I had been on the fence about going to this year’s ‘Wales Goes Pop’ festival as I thought that the line-up was a little thin. That was until my good friend Karl Blockwell gave me a smack and told me not to be stupid. It’s a festival at the end of my road in The Gate, a converted church. Of course I had to support it, last year I couldn’t as I was in Boston and besides it was a fun thing to do over Easter and a load of my mates were going.
Tim Lambert – a friend of mine from London – came down to for the festival and to stay with us. Sian and I popped down to the Gate to find him and get our wrist bands. We kicked off with the first band Mowbird, who I thought were great but they were playing at an ear shredding level, which when I mentioned this to Sian said “Okay! Calm down granddad!” but judging from the worried looking men dashing outside with altimeters I wasn’t alone. The first band who really stood out for me were ‘Feature’ (see above) a female power trio from Ireland who ticked all the Breeders boxes. I went down to their stall and was a little disgusted to be buying a cassette. “Does this have a download code?” I asked a little peeved, it did, so fair enough but still the first cassette I’ve bought for probably twenty five years. ‘The Lovely Eggs’ weren’t bad but I do loath their ‘Electric Accordion’ song, along with ‘Rocky Racoon’ I wish I could erase it from history, but you know apart from that…
‘The Pooh Sticks’ were Friday night’s headliners and bloody brilliant they were too. Must admit I didn’t know too much about them, but they had a fine line in acerbic indie pop. Really energetic in a Wedding Present style.
The Saturday was a slow start with a leisurely breakfast round the Juno lounge and a visit to Dvinyl’s. The first bad that day which made which made an impression were Trustfund (although I have had to go onto Bandcamp to remind me what they sounded like), from what I can remember they were in a Sleater-Kinney/Breeders mould too. The final two bands of the night were Pins and Ballboy. Both were amazing, Pins were very tight and encouraged a stage invasion at the end, which I thought about joining but then couldn’t be arsed. I’d never seen Ballboy but will be seeking some of their stuff out. They were sorta uplifting Scottish Indie from what I can remember. The day very pretty booze soaked and I bumped into Rich, Paul and Steve from the old Twisted days, Steve and I hatched our plans for the upcoming Record Store Day. In fact we had a little Twisted reunion when Gary span the wheels of steel and played a mini indie set with ‘Where’s Me Jumper’ and ‘Cannonball’. Sian and I had a fair old bop.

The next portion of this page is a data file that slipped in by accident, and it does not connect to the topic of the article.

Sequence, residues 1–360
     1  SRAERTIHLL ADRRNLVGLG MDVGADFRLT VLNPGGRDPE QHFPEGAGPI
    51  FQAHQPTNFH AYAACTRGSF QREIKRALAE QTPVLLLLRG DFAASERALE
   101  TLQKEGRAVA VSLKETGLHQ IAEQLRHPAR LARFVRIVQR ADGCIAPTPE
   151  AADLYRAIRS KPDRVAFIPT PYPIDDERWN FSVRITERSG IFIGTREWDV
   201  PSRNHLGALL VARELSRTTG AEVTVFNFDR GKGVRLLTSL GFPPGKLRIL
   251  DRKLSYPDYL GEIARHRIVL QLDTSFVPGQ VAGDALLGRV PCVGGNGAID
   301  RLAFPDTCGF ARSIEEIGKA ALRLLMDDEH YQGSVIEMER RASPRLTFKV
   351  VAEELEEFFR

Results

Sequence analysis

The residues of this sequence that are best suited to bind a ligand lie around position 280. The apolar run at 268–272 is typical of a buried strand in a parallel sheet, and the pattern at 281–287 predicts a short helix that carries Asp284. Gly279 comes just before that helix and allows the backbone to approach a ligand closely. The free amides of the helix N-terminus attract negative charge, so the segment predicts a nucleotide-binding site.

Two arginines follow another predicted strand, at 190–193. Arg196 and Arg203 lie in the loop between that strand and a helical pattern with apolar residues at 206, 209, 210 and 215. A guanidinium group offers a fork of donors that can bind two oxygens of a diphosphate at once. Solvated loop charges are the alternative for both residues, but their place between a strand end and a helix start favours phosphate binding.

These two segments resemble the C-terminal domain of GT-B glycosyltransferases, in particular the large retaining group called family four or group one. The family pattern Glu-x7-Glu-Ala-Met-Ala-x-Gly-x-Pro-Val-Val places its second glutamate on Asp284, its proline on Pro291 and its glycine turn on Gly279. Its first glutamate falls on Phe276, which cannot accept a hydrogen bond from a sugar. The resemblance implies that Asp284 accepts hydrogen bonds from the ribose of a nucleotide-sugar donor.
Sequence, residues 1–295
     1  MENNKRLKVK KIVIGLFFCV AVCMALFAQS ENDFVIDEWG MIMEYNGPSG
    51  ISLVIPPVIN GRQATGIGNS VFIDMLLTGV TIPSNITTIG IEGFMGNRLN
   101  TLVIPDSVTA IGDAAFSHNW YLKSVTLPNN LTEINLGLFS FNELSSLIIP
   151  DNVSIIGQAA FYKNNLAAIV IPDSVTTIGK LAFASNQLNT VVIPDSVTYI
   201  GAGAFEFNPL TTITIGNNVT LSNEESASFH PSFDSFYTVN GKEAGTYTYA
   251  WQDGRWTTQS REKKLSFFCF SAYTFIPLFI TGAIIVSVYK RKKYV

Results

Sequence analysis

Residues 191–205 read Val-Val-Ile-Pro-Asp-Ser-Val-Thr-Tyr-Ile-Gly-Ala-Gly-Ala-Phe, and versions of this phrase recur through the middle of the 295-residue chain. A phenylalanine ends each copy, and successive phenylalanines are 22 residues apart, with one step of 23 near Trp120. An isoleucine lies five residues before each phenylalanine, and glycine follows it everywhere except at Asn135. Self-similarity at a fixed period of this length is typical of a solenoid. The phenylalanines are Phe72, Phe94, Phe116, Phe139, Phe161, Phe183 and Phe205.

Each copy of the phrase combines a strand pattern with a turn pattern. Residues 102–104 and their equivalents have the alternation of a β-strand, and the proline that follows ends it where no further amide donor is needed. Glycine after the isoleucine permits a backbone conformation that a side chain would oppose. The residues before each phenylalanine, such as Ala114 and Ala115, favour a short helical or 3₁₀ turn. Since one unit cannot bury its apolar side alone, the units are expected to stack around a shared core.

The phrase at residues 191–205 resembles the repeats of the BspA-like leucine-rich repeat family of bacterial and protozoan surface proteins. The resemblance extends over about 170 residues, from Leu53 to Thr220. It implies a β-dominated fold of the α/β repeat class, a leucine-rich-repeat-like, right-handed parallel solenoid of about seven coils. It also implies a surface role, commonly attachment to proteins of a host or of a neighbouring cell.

Everyone and everything was hungover on Sunday. It was good to bump into Captain Keef and his better half Anna. We started the day watching ‘Barefoot Dance of the Sea’ three close harmony girls in the café which was all very pleasant. One of the nice things about ‘WGP’ is that it’s kid friendly and it is quite something to see how much fun a kid can have with a balloon. In this case there was a kid acting up a bit. He clamped his hands over his ears and proclaimed loudly “I’m not listening!” which threatened to drown the band out until his Dad dragged him out. I liked Freschard, who consisted of a French girl singer and Stanley Brinks.
One thing that dogged the festival were bands cancelling, and with some degrees of rubbish excuses (it seems that the band Tigercats were legitimate as they did do a set, but late because of van problems), the most rubbish excuse of the weekend was that a band couldn’t play because they’d tipped tea over their equipment; "Our drummer has ODd again!" it wasn't.
The last full set I saw was from the brilliantly weird Thomas Truax, who I’d seen before and is great value for money. You could feel the energy of the Church Hall lift as soon as he kicked off his full strangeness. It’s just a shame that he only did a half an hour set. After some food at Milgi everyone else I was with buggered off but I went back to see Emmy the Great who ironically was so/so. Everything she said seemed to have an ironic sneer to it: “So, Cardiff’s great…” I watched three songs and when she started doing expressive hand movements along to the music I left.
A great festival with some good new finds when it came to music, and great to catch up with a load of mates. I’m pretty sure I’ll be back next year.